True Detective’s Literary Backbone: THE KING IN YELLOW (Part 1)

~post by Joe T. 

(Warning: very minor spoilers below)

So, if you’re anything like some of us at BookPeople, you might just be currently obsessed with the newest HBO drama, True Detective. The series, starring Matthew McConaughey and Woody Harrelson, is an eight episode police procedural that involves a ritual murder and the resulting investigation to find out “whodunnit.” Without getting too deep into spoilers, as the episodes have progressed, there have been tantalizing references to a “yellow king”, a location known as Carcosa, and perhaps even a cult of sorts that is involved with the dark events that occur within the show.

As astute and informed viewers might have noticed, or as Michael Hughes of the website IO9 pointed out in his essay, The One Literary Reference You Must Know To Appreciate True Detective, those references come not from the mind of creator Nick Pizzolatto, but are in fact from a collection of stories published over a hundred years ago called The King In Yellow.

Originally written in 1895 by Robert W. Chambers, the collection includes the story The Yellow Sign which H. P. Lovecraft described as, “one of the greatest weird tales ever written.” Both that story and The Repairer of Reputations include oblique references to a play called The King In Yellow, which, if read, will cause the reader to decline into moral turpitude and progressively go insane.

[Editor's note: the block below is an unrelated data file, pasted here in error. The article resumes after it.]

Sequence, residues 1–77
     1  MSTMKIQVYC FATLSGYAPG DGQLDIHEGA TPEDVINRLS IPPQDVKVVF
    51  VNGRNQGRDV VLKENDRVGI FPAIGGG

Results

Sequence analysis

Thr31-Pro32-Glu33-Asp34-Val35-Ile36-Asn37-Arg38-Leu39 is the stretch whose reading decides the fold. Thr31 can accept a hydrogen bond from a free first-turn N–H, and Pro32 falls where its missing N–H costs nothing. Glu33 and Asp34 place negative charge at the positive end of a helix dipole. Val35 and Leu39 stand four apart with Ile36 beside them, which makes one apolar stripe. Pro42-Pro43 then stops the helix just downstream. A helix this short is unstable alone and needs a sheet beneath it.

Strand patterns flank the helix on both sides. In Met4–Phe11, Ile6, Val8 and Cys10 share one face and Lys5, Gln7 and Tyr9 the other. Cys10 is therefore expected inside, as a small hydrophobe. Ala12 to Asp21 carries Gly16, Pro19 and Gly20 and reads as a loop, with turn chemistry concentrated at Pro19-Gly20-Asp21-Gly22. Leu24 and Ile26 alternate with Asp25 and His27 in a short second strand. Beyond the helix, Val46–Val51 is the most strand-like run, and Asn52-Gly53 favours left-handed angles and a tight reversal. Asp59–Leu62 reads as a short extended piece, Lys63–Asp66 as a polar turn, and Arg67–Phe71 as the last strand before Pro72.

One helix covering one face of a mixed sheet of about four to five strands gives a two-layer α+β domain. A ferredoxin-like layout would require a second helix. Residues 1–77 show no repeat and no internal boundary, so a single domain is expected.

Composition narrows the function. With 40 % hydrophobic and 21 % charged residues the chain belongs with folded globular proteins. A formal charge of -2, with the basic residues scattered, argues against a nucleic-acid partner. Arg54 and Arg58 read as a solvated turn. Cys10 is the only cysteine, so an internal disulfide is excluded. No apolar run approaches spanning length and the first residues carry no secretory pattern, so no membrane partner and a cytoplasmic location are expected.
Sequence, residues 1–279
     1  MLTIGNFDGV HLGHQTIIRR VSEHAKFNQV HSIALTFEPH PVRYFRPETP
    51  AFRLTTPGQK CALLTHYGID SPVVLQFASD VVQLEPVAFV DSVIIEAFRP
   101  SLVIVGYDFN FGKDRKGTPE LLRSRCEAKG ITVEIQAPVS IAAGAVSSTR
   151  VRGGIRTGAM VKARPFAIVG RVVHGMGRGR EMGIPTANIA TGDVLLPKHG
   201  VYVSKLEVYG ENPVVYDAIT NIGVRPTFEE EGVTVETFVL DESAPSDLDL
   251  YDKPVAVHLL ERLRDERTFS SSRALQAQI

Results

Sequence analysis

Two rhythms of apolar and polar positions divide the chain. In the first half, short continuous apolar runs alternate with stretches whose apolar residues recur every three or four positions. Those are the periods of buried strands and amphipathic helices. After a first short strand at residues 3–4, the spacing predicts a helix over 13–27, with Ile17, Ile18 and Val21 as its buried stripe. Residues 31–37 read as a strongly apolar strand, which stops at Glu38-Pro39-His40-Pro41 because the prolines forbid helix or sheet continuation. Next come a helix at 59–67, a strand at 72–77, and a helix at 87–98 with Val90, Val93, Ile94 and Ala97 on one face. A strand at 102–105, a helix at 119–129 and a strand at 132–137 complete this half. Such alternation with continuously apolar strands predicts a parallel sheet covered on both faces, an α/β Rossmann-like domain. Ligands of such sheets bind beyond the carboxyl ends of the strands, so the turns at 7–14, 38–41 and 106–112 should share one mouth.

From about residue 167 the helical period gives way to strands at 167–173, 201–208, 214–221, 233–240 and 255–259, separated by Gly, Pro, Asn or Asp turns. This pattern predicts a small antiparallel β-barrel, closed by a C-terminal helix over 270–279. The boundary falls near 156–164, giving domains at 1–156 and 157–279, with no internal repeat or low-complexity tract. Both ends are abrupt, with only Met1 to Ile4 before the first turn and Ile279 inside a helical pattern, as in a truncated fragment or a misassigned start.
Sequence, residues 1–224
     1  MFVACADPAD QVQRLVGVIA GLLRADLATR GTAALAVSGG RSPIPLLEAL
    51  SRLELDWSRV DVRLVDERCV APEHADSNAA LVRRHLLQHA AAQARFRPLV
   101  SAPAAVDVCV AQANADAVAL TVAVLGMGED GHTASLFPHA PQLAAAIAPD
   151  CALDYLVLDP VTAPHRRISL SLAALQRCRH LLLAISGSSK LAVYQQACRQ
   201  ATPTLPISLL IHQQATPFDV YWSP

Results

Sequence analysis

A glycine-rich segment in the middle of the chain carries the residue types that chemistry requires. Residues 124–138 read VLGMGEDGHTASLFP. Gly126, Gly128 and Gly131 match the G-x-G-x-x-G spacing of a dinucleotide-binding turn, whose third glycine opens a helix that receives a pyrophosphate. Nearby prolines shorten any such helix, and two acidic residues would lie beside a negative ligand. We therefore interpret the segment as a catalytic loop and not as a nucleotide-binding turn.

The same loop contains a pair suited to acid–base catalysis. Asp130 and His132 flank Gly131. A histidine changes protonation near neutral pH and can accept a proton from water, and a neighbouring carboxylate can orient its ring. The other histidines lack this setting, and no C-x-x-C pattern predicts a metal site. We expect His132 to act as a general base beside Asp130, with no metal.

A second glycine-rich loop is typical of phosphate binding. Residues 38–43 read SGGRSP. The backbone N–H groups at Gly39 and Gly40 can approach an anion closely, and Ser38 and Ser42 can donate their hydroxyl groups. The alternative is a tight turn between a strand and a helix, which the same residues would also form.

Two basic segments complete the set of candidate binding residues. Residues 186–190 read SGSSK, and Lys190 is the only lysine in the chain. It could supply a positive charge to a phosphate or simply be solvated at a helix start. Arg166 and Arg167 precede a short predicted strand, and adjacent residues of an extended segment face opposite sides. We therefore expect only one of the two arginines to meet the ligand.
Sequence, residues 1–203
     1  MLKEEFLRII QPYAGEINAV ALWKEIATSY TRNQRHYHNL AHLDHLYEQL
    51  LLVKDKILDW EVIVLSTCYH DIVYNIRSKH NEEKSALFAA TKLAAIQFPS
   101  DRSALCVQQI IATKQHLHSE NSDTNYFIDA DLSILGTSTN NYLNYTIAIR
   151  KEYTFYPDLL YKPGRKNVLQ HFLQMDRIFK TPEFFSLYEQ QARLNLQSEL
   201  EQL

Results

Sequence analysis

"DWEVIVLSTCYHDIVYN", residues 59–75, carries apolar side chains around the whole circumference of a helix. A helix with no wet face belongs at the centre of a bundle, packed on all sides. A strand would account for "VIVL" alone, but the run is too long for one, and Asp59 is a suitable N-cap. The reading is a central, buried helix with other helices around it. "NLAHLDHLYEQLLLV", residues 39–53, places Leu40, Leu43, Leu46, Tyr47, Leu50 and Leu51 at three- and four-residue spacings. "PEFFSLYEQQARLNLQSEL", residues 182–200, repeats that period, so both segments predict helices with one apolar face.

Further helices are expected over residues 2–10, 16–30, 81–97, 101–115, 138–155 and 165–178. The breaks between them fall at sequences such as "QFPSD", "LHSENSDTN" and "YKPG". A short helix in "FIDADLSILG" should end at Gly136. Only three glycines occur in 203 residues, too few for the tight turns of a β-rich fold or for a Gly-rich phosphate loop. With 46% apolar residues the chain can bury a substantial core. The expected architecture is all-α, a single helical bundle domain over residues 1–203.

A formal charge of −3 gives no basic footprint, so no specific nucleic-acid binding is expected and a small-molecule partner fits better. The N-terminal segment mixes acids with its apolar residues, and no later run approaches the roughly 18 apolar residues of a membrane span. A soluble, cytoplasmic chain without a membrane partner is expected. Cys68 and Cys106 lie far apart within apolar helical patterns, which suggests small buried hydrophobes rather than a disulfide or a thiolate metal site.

Composed during the “Yellow 90’s,” the last decade of Queen Victoria’s reign, the book is part and parcel of the literary decadent movement spearheaded by Oscar Wilde and his infamous play, Salome. Yellow was used to celebrate the “decadence” that marked the lives of the artists of the time and was symbolically tied to the free sex and homosexuality that were morally and legally frowned upon by the society and authorities of the period. Though Chambers eventually went on to fame and fortune as the Sydney Sheldon of his day, it is only this first book with its subtle, existential dread and creeping horror that is remembered today.

In an interesting sidenote, Raymond Chandler wrote a short story featuring his famed private detective Philip Marlowe called The King In Yellow. Investigating the death of a jazz musician clad in yellow silk pajamas, Marlowe describes the dead body as reminding him of a book he once read. Whilst most likely Chandler was just referring to the book by Chambers, I like to think that the reason for Marlowe’s blasted cynicism and world-weariness originates from his once having read the blasphemous play The King In Yellow. Like H. P. Lovecraft, I have had a lifelong love for this book by Robert W. Chambers and was beyond excited and intrigued when his cosmology was being referenced in this new fantastic television show. I am truly stoked that the wide world is being made aware of his work.

 

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